WASHINGTON — White House press secretary Karine Jean-Pierre acknowledged Thursday that President Biden’s maternal uncle, Ambrose Finnegan, actually died when his plane crashed into the Pacific Ocean during World War II — and that he wasn’t eaten by cannibals, as Biden implied on two separate occasions Wednesday.

Jean-Pierre told reporters aboard Air Force One that the 81-year-old president was merely expressing how “incredibly proud” he was of Finnegan when Biden suggested New Guinea natives had eaten him in 1944.

“You saw the president, he was incredibly proud of his uncle’s service in uniform. You saw him at the war memorial. It was incredibly emotional and important to him,” Jean-Pierre said en route to Philadelphia, where Biden was making his third consecutive day of campaign visits to the Keystone State.

“You saw him respond to all of you when asked about the moment yesterday and his uncle, who lost his life when the military aircraft he was on crashed in the Pacific after taking off near New Guinea.”

The press secretary cut short follow-up questions, citing the presidential plane’s approach to the Philadelphia airport.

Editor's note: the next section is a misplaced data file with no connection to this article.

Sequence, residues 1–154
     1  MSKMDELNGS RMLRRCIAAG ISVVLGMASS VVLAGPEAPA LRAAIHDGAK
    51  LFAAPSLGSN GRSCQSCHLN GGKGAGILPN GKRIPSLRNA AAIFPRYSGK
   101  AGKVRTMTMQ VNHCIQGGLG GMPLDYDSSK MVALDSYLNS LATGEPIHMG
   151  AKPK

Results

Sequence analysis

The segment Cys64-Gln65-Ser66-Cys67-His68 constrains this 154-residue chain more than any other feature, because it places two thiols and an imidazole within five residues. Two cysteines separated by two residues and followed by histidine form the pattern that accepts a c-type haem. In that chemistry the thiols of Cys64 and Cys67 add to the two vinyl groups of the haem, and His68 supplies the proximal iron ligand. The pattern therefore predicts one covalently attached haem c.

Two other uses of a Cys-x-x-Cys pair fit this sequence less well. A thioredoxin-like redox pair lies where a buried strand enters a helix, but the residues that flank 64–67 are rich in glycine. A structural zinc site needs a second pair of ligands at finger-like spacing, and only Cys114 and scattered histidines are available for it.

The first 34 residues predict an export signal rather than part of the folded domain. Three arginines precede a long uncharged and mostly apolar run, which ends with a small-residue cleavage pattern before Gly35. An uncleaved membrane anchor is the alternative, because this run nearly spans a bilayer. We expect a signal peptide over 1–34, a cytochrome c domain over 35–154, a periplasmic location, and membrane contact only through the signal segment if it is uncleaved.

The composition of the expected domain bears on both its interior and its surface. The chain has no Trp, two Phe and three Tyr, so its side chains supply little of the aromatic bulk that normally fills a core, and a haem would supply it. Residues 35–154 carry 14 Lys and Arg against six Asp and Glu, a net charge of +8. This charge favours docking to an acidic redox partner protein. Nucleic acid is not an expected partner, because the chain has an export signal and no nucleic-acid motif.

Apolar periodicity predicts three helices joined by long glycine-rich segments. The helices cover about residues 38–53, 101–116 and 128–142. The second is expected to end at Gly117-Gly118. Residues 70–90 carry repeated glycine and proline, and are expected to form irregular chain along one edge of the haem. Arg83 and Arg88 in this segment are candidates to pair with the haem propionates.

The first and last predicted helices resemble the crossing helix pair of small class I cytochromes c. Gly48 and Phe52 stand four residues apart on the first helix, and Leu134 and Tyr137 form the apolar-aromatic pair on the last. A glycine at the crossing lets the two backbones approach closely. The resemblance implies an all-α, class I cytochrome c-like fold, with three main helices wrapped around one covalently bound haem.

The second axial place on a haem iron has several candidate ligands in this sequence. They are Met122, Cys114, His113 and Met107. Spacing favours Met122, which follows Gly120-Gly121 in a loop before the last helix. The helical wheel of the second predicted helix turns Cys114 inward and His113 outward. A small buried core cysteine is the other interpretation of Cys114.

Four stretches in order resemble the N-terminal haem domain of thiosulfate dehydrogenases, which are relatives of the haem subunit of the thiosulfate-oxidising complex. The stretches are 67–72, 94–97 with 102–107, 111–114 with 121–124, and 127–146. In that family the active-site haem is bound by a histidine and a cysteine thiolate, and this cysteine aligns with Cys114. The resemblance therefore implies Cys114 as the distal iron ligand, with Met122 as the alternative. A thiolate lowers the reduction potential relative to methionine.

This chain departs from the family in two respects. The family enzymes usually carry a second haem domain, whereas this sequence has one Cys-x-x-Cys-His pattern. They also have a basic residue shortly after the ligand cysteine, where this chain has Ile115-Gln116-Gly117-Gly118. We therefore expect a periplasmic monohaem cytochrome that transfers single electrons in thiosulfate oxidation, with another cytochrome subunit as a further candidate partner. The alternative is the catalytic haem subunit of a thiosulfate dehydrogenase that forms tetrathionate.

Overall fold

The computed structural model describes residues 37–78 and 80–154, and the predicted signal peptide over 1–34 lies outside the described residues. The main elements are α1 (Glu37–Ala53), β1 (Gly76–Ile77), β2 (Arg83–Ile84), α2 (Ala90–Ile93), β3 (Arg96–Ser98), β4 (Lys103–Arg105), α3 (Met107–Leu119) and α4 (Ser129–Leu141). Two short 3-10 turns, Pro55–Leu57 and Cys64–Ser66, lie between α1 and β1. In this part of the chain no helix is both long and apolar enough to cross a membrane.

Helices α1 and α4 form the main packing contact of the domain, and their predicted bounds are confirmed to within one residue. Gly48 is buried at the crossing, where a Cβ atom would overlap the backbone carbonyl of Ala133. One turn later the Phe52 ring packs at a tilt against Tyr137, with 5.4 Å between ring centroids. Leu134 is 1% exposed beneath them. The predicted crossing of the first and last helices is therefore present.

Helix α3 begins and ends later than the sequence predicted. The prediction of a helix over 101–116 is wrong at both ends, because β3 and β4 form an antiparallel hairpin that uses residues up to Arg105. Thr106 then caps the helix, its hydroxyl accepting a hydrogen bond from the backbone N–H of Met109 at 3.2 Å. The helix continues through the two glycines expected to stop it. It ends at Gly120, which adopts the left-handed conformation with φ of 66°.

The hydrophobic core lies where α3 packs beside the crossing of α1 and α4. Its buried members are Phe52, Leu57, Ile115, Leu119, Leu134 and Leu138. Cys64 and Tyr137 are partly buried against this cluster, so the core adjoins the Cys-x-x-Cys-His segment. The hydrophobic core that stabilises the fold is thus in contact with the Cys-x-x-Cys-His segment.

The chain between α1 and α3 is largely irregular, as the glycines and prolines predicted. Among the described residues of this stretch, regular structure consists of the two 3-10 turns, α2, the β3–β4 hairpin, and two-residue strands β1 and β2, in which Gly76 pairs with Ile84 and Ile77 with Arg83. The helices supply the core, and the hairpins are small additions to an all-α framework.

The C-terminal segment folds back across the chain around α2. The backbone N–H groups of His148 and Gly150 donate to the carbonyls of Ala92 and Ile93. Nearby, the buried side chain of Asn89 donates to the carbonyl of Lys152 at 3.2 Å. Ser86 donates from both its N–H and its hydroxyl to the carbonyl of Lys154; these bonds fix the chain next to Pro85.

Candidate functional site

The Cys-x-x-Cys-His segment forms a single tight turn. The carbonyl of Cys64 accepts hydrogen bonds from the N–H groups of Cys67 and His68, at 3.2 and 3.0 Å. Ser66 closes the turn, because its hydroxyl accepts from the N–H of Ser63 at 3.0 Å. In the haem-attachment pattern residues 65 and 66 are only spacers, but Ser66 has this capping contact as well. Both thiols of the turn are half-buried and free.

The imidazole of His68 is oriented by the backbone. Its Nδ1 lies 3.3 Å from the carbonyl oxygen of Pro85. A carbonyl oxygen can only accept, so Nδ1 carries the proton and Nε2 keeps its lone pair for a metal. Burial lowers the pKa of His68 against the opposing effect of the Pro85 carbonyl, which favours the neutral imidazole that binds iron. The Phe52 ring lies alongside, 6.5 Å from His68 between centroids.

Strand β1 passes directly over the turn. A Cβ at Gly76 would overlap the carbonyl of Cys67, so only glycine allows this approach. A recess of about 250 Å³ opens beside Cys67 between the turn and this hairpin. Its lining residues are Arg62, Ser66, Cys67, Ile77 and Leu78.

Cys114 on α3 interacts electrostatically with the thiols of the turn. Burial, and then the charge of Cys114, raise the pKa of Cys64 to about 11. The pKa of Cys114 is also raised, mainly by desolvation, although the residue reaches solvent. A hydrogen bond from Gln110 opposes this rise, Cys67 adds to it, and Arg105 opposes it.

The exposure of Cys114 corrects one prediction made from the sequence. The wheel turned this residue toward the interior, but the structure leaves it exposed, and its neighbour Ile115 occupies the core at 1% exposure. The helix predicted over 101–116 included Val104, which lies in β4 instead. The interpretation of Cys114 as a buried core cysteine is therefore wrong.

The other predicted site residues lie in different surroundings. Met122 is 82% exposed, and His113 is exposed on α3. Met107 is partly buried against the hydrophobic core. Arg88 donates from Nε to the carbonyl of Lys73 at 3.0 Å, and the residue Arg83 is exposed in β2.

Biden indicated that cannibals finished off Finnegan after visiting a Scranton, Pa., war memorial that bears his uncle’s name.

“He got shot down in an area where there were a lot of cannibals at the time. They never recovered his body, but the government went back when I went down there and they checked and found some parts of the plane,” Biden told reporters in Scranton, where he was born and lived off and on until he was 10 years old.

Later Wednesday, Biden told steelworkers in Pittsburgh that Ambrose Finnegan “got shot down in New Guinea and they never found the body because there used to be — there were a lot of cannibals, for real, in that part of New Guinea.”

The official US military account of Finnegan’s death, referenced by Jean-Pierre, contradicts the president’s story.

“For unknown reasons, this plane was forced to ditch in the ocean off the north coast of New Guinea. Both engines failed at low altitude, and the aircraft’s nose hit the water hard,”  the Pentagon’s Defense POW/MIA Accounting Agency says.

“Three men failed to emerge from the sinking wreck and were lost in the crash. One crew member survived and was rescued by a passing barge. An aerial search the next day found no trace of the missing aircraft or the lost crew members.”

Biden has a long history of telling provably false personal anecdotes, or dubious tales for which there is no documentation, in an attempt to connect to his audiences — in this case, Pennsylvania voters who could determine the outcome of his bid for a second term against former President Donald Trump.

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